MPs’ vote on Brexit deal – is it a climbdown?

Yesterday, David Davis announced that MPs would get a binding vote on the final Brexit deal agreed with the EU. Although Labour called this decision a “climbdown”, in reality, it does not concede very much and does not put Brexit in doubt.

Essentially, MPs will be asked to take it or leave it. The choices will either be to accept the deal or to crash out of the EU without a deal.

Unsurprisingly, the Tory incorrigibles, led by Dominic Grieve and Anna Soubry were none too happy with Davis’ concession, calling it unacceptable.

It may well be, however, that the wrangling turns out to be academic. There has to be an agreement upon which to vote and there is no sign of the two sides moving any closer. One informed commentator, indeed, has suggested that within a few weeks, the  chances of a deal will drop to zero.

There is no question that the “transitional deal” about which there has been much talk faces huge obstacles. Such outlines as have been provided would be unacceptable to many Tory Brexiteers and would still need a huge amount of negotiation with the EU within a short timescale to be signed off by Brexit day.

Is there a via media between this pipe dream (or better, pipe nightmare) and the worrying prospect of having to fall back on the so-called WTO option?  The EEA/EFTA route has been ruled out, a “deep and comprehensive” trade deal on the lines of the EU/Ukraine agreement would take too long and any bespoke deal would take too long to conclude.

And this remains the biggest concerns for those of us desiring to see a successful Brexit. There is no doubt that the remainiacs are still causing trouble, but outside the political bubble, very few people are taking any notice of them. The real worry is that the talks may fail and we will drift aimlessly towards March 29th 2019 with the resulting chaos leaving us battling calls to re-join the EU forthwith.

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  1. Adam HileyReply

    the sooner We rid ourselves of no hoper traitors like Soubry Starmer Corbyn & Grieve the better

  2. Derek ReynoldsReply

    As the government has never had a plan to leave the EU, and seemingly is ignoring the only viable way of exiting using EFTA and the EEA, then by default they have kicked the can down the road sufficiently far to just roll over and get walked on. There are no negotiations, only submission.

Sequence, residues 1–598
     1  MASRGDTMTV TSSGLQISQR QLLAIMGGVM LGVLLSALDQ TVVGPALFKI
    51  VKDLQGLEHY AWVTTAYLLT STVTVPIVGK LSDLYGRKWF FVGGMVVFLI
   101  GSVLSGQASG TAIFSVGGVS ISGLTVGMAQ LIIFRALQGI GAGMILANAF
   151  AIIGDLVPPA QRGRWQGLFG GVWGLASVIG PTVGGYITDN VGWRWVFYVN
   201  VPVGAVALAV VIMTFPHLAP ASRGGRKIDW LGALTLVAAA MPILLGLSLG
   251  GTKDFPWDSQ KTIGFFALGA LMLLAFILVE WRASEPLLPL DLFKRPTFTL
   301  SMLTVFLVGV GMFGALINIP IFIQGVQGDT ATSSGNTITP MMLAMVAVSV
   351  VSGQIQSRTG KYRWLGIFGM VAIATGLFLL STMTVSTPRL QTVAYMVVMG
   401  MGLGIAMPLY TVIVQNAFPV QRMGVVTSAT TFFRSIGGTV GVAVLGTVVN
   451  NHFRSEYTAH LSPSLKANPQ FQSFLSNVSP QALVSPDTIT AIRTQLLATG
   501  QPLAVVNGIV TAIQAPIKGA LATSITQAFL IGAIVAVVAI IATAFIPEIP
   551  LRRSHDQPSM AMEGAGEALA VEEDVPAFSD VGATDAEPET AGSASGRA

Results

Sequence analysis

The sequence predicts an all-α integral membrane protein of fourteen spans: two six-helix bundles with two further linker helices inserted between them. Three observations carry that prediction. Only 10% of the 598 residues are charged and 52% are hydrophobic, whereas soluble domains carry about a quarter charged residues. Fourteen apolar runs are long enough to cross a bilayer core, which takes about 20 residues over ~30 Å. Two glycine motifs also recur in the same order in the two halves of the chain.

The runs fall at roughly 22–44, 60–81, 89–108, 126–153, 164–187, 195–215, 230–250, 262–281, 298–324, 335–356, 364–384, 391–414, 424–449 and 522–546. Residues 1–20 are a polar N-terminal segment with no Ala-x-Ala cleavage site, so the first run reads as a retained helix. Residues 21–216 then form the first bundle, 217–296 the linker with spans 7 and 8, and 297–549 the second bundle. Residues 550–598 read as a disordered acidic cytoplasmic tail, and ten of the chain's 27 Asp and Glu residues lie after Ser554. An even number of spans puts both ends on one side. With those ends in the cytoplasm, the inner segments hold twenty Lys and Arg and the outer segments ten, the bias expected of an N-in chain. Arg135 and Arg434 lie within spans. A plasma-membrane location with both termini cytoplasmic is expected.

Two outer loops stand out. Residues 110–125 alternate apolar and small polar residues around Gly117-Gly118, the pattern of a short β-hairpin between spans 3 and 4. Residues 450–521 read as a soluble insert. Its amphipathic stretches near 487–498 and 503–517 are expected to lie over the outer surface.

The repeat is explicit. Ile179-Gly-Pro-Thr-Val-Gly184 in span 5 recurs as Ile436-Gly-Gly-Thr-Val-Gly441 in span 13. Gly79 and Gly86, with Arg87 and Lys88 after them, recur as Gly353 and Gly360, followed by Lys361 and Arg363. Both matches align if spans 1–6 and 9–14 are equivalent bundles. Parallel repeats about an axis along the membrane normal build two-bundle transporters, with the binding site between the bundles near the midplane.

3. StevenReply

    This wretched utter shambles of a ‘government’ will negociate a deliberately bad deal then put it to a vote in the House of Commons which will reject it because any form of real withdrawal is anathema to a parliament filled to the brim with Remainers. This assumes, of course, dithering Maybe doesn’t call another election to deliberately lose to Labour!

    Brexit, or at least a Brexit in anything but name only. IS NOT GOING TO HAPPEN. I long ago realised that.

  4. John AshworthReply

    I don’t agree Steven, brexit will happen, and it could well be down to the soft remainers. Brexit might not be in the format that is expected presently, but I am more convinced than ever, we will be out.

    • Jason BReply

      Deep down I believe Brexit will happen. I believe on that eventful June day it was an over ruling hand that gave us Brexit. How it will unfold I can not say, but given faith, the over ruling hand can do it, its way..

  5. Phil JonesReply

    Either way, the UK leaves. If no deal happens, the UK LEAVES. If there should be a deal and the Remainers defeat it in Parliament, the UK LEAVES. What difference?! Remainers seem to think that if a deal comes back to Parliament and is defeated, the UK STAYS — but that is not an option after Article 50. And Article 50 couldn’t be reversed except via another referendum by the British people. .And if Remainers won a second referendum, then a third ‘decider’ would be needed. So LEAVING will happen, and David Davis giving Parliament a vote on any deal is meaningless.

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